By Laura Weislo
The Astana team was given a resounding vote of no confidence on Wednesday when the Tour de France organiser, Amaury Sport Organisation, announced that the team would not be invited to any of the ASO's events. This means its star, Alberto Contador, will not be able to defend his titles in either the Tour or the upcoming Paris-Nice.
The decision was met with shock from the team's manager, Johan Bruyneel, who has been pushing to convince the world that his 2008 squad is completely different from the squad which was forced to exit last year's Tour after Alexander Vinokourov tested positive for blood doping following his win in the stage 13 time trial.
"That the happenings of last year in Tour de France prompted the Tour organizers to leave Astana out of the season's most important race sounds understandable," admitted Bruyneel. "However, Astana Cycling Team 2008 has nothing to do with the team of last year. We have done everything to change the dynamics of the team."
Bruyneel took the general manager position with Astana this year, succeeding Marc Biver, who had taken over the squad after the Liberty Seguros manager Manuel Saiz after Saiz had been arrested in connection with Operación Puerto. When the sponsor pulled out, the Kazakh government stepped in to support its stars Alexander Vinokourov and Andrey Kashechkin, and the team continued as Astana-Würth.
Biver, like Bruyneel, put into place anti-doping measures as well as an ethical charter for the squad, but after both Kashechkin and Vinokourov tested positive for blood doping, and Matthias Kessler for testosterone in 2007, one could say the policies were ineffective.
Bruyneel went further, signing on Dr. Rasmus Damsgaard to administer the same type of program used by Team CSC in 2007, but the ASO was reluctant to believe in the changes until they are proven.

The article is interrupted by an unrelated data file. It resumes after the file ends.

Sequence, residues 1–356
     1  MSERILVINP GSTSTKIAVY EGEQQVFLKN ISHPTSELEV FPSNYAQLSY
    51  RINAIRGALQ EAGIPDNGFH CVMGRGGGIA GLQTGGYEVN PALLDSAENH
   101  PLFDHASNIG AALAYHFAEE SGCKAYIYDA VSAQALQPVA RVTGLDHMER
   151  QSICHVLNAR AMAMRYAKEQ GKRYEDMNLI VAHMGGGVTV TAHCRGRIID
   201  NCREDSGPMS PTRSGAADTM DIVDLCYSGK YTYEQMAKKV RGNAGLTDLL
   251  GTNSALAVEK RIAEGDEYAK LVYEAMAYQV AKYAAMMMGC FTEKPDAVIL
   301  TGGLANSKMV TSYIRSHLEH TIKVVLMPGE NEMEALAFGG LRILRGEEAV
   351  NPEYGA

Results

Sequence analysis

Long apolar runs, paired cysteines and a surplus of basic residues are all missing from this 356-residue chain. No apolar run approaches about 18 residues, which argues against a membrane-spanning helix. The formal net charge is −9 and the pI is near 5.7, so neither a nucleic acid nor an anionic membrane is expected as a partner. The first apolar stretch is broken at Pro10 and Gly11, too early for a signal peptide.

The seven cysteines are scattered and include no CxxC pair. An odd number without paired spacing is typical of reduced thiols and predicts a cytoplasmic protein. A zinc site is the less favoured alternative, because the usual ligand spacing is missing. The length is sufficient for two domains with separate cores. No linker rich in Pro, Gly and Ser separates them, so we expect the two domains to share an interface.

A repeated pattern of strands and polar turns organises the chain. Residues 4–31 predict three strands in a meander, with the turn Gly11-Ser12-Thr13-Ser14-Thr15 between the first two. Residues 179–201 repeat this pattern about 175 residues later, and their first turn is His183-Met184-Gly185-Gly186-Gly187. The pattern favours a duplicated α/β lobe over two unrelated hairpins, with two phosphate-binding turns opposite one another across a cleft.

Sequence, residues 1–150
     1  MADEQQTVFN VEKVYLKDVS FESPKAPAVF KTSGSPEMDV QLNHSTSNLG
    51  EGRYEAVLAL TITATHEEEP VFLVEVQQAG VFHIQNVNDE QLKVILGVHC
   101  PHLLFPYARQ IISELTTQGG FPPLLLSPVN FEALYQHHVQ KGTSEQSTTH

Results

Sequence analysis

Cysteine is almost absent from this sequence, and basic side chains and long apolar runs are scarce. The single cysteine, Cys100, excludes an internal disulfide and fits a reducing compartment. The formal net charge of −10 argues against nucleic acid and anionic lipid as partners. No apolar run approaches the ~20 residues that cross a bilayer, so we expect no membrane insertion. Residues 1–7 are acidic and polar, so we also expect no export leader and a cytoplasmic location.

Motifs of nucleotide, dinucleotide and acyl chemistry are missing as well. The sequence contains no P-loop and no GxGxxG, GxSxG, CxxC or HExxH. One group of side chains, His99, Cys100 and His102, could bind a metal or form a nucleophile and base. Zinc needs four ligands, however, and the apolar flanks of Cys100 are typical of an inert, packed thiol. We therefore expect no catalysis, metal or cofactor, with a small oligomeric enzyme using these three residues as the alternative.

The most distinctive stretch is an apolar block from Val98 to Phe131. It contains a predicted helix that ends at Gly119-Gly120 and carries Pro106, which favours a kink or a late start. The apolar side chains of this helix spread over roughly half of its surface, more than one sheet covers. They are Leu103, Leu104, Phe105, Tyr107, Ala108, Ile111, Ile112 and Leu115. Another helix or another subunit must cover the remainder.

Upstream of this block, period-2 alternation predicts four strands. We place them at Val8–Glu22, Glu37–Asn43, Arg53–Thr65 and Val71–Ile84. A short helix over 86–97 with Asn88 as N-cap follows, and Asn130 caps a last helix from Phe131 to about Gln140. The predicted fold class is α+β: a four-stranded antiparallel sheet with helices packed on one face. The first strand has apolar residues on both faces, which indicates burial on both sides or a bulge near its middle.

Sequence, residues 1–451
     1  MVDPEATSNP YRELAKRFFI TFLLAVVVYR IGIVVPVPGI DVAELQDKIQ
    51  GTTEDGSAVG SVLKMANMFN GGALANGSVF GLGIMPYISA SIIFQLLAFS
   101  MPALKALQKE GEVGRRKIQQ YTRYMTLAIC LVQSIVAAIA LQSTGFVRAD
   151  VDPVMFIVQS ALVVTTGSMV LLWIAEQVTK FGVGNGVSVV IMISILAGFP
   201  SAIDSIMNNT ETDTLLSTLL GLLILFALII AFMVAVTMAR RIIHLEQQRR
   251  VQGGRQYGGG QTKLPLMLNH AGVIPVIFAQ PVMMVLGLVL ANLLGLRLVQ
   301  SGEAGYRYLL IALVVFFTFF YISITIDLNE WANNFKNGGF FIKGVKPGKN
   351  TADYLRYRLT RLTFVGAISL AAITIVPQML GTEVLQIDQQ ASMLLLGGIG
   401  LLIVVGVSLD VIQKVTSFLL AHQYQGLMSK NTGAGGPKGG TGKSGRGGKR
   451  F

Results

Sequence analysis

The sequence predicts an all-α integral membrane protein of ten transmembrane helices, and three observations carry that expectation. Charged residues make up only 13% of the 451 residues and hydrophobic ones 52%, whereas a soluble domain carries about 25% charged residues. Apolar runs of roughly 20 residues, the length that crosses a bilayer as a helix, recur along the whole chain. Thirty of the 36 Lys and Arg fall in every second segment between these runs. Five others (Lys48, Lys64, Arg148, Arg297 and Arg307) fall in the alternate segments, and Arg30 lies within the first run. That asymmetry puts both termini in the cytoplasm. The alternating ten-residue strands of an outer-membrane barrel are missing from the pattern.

"We remember what happened in 2006," Tour de France director Christian Prudhomme told Reuters. "Then came 2007 with a new team who asked us to trust them. We did that and paid dearly for it."
Bruyneel was incredulous, stating, "We are spending 460,000 euro on internal anti-doping efforts for 2008. What more can we do?" The ASO opened the door to the team participating in future years, saying they "will keep a close eye on Astana's efforts to have a 2008 season free from [doping] affairs or suspicions, and they may be re-admitted in the future," but Bruyneel was not appeased.
"What is strange," Bruyneel continued, "is ASO does not invite us because of the past of a team that had the same name. Many other teams, with a similar suspicious past, that even did not change management or structure, can participate without problems. Where is the consistency? Is Tour the France not losing all credibility now?"
Astana directeur sportif Alain Gallopin was rather resigned, and said he would put his energies into reformulating the team's race schedule. "We cannot force anything. It is probably impossible to appeal against their decision," he stated. "We will prove in other races that we are left home unjustly. It is better to know early than late that we cannot participate. There are still other races on the cycling calendar.
"I am disappointed for Alberto. Now I need to make soon a new programme for the riders and staff and go forward."
American national champion and third place overall in the 2007 Tour, Levi Leipheimer, was also in disbelief, after hearing the news but vowed to fight back. "I am in shock and very disappointed." he said.
"Along with my friends, family and supporters, I can't understand why we are not allowed to take part in the Tour and defend Alberto's title with two other riders capable of winning, myself included. We are all left wondering. I chose this team because it was a very new team, which I've already experienced. I stand by my decision to be part of the new Astana team for 2008. In a supportive manner, the entire team will fight back. The many encouragements I already received today mean a lot to me."
The full list of teams is expected to be named by ASO on February 29.